01.15.12

Leahy And Schumer Secure Funds To Prevent Shutoff Of Flood Gauges In Champlain Basin

Gauges Were Crucial During Irene And Spring Floods

(SUNDAY, Jan. 15) – U.S. Senator Patrick Leahy (D-Vt.) and U.S. Senator Charles Schumer (D-N.Y.) have secured funding to prevent the imminent shutdown of river and lake gauges in the New York-Vermont Lake Champlain basin that proved their worth again last year during spring floods and Tropical Storm Irene.

For years Leahy, a senior member of the Senate Appropriations Committee, has secured year-to-year funding for the 18 gauges – 9 in Vermont and 9 in New York -- which are operated by the U.S. Geological Survey (USGS).  Budget cuts this year closed that revenue stream, endangering the 18 gauges.  Leahy and Schumer appealed to the Great Lakes Fishery Commission (GLFC) to use funds available to Lake Champlain in the commission’s budget to keep the gauges going.  Last month the senators wrote to the commission and to U.S. Secretary of the Interior Ken Salazar about the importance of the USGS gauging network, and their request for the funding now has been approved.  The senators said the influx will keep the gauges operating while buying time to work on long-term funding solutions for the monitoring network.  Leahy chairs the Appropriations Committee panel that oversees the GLFC budget.

The gauges are important for ongoing water quality control monitoring and improvements, and they are lifesaving tools when flooding threatens the region’s rivers and streams.   Half of the gauges slated for shut-down have been identified by the National Weather Service as important for their flood forecasting work.   Last May, with Lake Champlain far above record levels, crews in Vermont and New York worked around the clock to keep roads open to low-lying areas.  They needed real-time readings to know exact lake levels, which varied from day-to-day, and that information came from these gauges.  The USGS gauges were crucial as Irene swept Vermont and New York, allowing first responders, local and state officials, and farmers and businesses to plan and act ahead of the rising flood waters.  By all accounts, lives were certainly saved as the gauging data guided evacuations, and farmers were able to salvage many thousands of dollars in crops ahead of the flood tides.

Even before the storms of 2011, however, the USGS gauging network in the Champlain Valley was threatened under earlier rounds of budget cuts.  These 18 gauges were to be shut down in less than two months, on March 1.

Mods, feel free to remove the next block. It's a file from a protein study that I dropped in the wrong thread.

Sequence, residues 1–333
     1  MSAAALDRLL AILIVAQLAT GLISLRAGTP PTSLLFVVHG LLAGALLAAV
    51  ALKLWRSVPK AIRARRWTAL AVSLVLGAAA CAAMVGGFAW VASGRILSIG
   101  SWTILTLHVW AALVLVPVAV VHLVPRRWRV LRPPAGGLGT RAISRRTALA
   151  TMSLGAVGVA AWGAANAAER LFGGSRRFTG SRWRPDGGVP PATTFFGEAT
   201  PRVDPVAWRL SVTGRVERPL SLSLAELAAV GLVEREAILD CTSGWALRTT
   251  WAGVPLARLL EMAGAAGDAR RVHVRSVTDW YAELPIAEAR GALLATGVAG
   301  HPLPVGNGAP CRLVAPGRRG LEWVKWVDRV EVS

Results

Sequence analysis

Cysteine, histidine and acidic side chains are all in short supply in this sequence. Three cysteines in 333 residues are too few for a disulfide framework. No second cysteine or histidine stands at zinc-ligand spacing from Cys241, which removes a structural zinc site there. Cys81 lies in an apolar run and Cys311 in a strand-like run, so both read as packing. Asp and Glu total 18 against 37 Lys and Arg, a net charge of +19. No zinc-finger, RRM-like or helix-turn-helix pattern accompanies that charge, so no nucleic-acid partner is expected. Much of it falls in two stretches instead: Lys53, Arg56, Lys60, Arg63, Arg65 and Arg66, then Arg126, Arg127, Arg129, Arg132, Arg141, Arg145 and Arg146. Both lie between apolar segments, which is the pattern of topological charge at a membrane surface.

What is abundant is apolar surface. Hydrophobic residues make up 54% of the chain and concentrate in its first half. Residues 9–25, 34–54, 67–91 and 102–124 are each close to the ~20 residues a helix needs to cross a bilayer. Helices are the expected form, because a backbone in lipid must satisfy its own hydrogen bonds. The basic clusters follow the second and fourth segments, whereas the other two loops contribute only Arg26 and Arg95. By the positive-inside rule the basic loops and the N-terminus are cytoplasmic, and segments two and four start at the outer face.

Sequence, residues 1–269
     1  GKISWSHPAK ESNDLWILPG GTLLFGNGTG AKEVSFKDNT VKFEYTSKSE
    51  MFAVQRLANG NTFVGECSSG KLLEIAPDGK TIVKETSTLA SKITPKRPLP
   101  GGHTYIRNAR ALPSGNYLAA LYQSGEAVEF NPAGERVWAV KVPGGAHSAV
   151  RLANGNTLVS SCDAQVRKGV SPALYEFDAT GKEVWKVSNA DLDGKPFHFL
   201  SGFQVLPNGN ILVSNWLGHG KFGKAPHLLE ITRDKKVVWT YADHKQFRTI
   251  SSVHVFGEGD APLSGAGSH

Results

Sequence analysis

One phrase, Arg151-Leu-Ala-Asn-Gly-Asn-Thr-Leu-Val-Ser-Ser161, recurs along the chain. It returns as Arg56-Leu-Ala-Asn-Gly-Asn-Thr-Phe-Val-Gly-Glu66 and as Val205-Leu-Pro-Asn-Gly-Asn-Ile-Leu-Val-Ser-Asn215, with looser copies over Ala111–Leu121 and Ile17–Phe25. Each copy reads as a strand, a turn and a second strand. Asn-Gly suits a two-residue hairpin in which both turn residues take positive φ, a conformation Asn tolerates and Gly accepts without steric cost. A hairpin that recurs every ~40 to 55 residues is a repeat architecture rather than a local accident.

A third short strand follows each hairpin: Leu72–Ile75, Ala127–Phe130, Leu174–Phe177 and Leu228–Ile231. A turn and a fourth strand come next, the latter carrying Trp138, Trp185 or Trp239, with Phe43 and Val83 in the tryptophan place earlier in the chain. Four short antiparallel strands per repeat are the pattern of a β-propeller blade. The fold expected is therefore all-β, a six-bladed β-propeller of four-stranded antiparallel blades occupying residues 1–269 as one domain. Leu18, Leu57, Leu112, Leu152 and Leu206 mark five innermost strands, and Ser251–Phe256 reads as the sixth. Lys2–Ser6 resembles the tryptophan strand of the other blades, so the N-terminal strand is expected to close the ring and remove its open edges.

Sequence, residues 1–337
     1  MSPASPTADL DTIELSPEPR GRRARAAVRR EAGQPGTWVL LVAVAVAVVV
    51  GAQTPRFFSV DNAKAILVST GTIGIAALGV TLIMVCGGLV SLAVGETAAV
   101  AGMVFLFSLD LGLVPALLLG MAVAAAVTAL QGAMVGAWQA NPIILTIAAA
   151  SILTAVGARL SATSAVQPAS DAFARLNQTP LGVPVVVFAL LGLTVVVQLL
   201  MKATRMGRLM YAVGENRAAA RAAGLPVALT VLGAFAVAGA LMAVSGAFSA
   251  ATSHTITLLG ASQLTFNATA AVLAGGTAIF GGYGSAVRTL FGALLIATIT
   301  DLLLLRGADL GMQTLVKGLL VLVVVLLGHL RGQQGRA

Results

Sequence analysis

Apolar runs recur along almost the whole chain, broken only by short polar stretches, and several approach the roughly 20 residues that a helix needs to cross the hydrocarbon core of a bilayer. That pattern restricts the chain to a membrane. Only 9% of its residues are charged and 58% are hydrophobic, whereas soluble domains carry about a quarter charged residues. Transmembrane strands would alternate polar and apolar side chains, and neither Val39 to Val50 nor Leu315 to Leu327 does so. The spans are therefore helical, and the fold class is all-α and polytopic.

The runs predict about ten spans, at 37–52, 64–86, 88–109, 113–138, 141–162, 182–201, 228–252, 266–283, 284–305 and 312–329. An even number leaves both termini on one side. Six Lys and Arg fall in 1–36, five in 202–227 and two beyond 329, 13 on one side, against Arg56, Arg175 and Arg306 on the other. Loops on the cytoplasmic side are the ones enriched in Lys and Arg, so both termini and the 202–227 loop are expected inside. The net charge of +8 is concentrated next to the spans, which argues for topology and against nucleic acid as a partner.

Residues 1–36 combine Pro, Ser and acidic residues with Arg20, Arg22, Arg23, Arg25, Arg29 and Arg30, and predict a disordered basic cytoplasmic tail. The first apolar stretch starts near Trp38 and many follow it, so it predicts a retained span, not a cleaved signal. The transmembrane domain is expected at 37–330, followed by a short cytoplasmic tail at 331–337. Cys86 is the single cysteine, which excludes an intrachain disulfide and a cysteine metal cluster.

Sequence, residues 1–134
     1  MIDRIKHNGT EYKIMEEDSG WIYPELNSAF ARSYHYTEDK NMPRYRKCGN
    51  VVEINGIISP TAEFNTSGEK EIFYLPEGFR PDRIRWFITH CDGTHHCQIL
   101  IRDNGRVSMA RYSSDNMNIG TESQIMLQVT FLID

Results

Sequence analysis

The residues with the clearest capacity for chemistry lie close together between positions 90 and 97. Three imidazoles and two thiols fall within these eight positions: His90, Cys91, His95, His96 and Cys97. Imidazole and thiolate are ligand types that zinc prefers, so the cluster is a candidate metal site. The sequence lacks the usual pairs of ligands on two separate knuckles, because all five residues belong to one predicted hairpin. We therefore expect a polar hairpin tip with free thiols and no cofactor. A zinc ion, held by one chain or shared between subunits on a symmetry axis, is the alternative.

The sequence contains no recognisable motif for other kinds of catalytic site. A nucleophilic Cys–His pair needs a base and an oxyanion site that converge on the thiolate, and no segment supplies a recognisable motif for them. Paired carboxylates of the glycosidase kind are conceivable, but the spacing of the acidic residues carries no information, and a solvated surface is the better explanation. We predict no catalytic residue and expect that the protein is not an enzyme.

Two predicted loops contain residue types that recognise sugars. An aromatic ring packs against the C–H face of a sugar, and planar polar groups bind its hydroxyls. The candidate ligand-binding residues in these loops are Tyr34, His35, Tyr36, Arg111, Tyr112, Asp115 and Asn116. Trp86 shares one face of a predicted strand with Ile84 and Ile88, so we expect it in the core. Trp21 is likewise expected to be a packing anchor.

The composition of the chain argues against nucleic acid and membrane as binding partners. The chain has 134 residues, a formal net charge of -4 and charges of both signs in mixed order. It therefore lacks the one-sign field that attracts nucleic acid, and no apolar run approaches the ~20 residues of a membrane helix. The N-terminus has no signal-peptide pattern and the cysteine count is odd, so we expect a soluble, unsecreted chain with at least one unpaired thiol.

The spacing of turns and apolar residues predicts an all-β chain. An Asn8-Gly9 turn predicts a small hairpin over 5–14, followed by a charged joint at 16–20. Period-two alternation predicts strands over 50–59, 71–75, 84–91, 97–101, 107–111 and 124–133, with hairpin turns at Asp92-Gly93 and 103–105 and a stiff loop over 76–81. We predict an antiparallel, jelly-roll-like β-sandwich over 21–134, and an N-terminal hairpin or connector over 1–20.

Leahy said, “This close call in losing the monitoring network made clear that these gauges pay for themselves many times over, and in so many ways.  They save lives and protect farmland and other property, and they are crucial in our work to clean up Lake Champlain.  It’s a proven and effective network that well serves the people of Vermont and New York.”

Schumer said, “Flipping off these gauges would have forced us to tie one hand behind our back to fight flooding, when  we really need all hands on deck.  When last year’s storms struck, these stream gauges helped our first responders save lives and property, providing invaluable real-time information as the waters rose. This investment ensures that they won’t be switched off come March, and I’m going to keep working to make sure they’re not at risk of being shut off in the future.”

Welcoming the news, Andy Jones, president of the Vermont Fruit and Vegetable Growers Association, said, “Weather forecasts provide important information to the region, but our best farm-specific tool is the river gauge network maintained by the U.S.G.S.  During periods of threatened high water, it isn’t unusual for me to check the USGS Essex, Vermont gauge hourly to see the flow and forecast for the lower Winooski River.  The Essex stream gauge saved our farm thousands of dollars twice this year, in late April high water and in late August when Irene blew through.”

James Ehlers, executive director of Lake Champlain International, said, “The health and future of Lake Champlain and the protection of life and property significantly rely on the data provided by these scientific instruments.  The leadership of Senators Leahy and Schumer on this issue has been invaluable.”

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